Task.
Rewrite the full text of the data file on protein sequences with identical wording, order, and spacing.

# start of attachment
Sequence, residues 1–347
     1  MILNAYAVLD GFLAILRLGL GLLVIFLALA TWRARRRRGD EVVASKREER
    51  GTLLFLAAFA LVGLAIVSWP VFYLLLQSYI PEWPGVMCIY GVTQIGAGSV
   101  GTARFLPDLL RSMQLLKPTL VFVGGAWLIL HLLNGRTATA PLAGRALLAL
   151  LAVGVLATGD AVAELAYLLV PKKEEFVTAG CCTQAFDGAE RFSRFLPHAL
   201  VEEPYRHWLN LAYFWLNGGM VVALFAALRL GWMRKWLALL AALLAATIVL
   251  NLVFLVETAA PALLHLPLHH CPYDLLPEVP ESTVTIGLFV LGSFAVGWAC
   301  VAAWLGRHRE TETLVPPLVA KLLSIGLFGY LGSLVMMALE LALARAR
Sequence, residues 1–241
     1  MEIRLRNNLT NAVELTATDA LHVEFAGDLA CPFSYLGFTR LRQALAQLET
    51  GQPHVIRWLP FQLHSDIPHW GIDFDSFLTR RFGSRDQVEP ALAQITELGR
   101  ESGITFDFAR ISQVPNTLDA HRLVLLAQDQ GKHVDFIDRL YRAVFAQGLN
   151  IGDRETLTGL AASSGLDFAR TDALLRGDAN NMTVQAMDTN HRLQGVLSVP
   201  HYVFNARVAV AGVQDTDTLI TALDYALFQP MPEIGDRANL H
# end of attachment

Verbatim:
Sequence, residues 1–347
     1  MILNAYAVLD GFLAILRLGL GLLVIFLALA TWRARRRRGD EVVASKREER
    51  GTLLFLAAFA LVGLAIVSWP VFYLLLQSYI PEWPGVMCIY GVTQIGAGSV
   101  GTARFLPDLL RSMQLLKPTL VFVGGAWLIL HLLNGRTATA PLAGRALLAL
   151  LAVGVLATGD AVAELAYLLV PKKEEFVTAG CCTQAFDGAE RFSRFLPHAL
   201  VEEPYRHWLN LAYFWLNGGM VVALFAALRL GWMRKWLALL AALLAATIVL
   251  NLVFLVETAA PALLHLPLHH CPYDLLPEVP ESTVTIGLFV LGSFAVGWAC
   301  VAAWLGRHRE TETLVPPLVA KLLSIGLFGY LGSLVMMALE LALARAR
Sequence, residues 1–241
     1  MEIRLRNNLT NAVELTATDA LHVEFAGDLA CPFSYLGFTR LRQALAQLET
    51  GQPHVIRWLP FQLHSDIPHW GIDFDSFLTR RFGSRDQVEP ALAQITELGR
   101  ESGITFDFAR ISQVPNTLDA HRLVLLAQDQ GKHVDFIDRL YRAVFAQGLN
   151  IGDRETLTGL AASSGLDFAR TDALLRGDAN NMTVQAMDTN HRLQGVLSVP
   201  HYVFNARVAV AGVQDTDTLI TALDYALFQP MPEIGDRANL H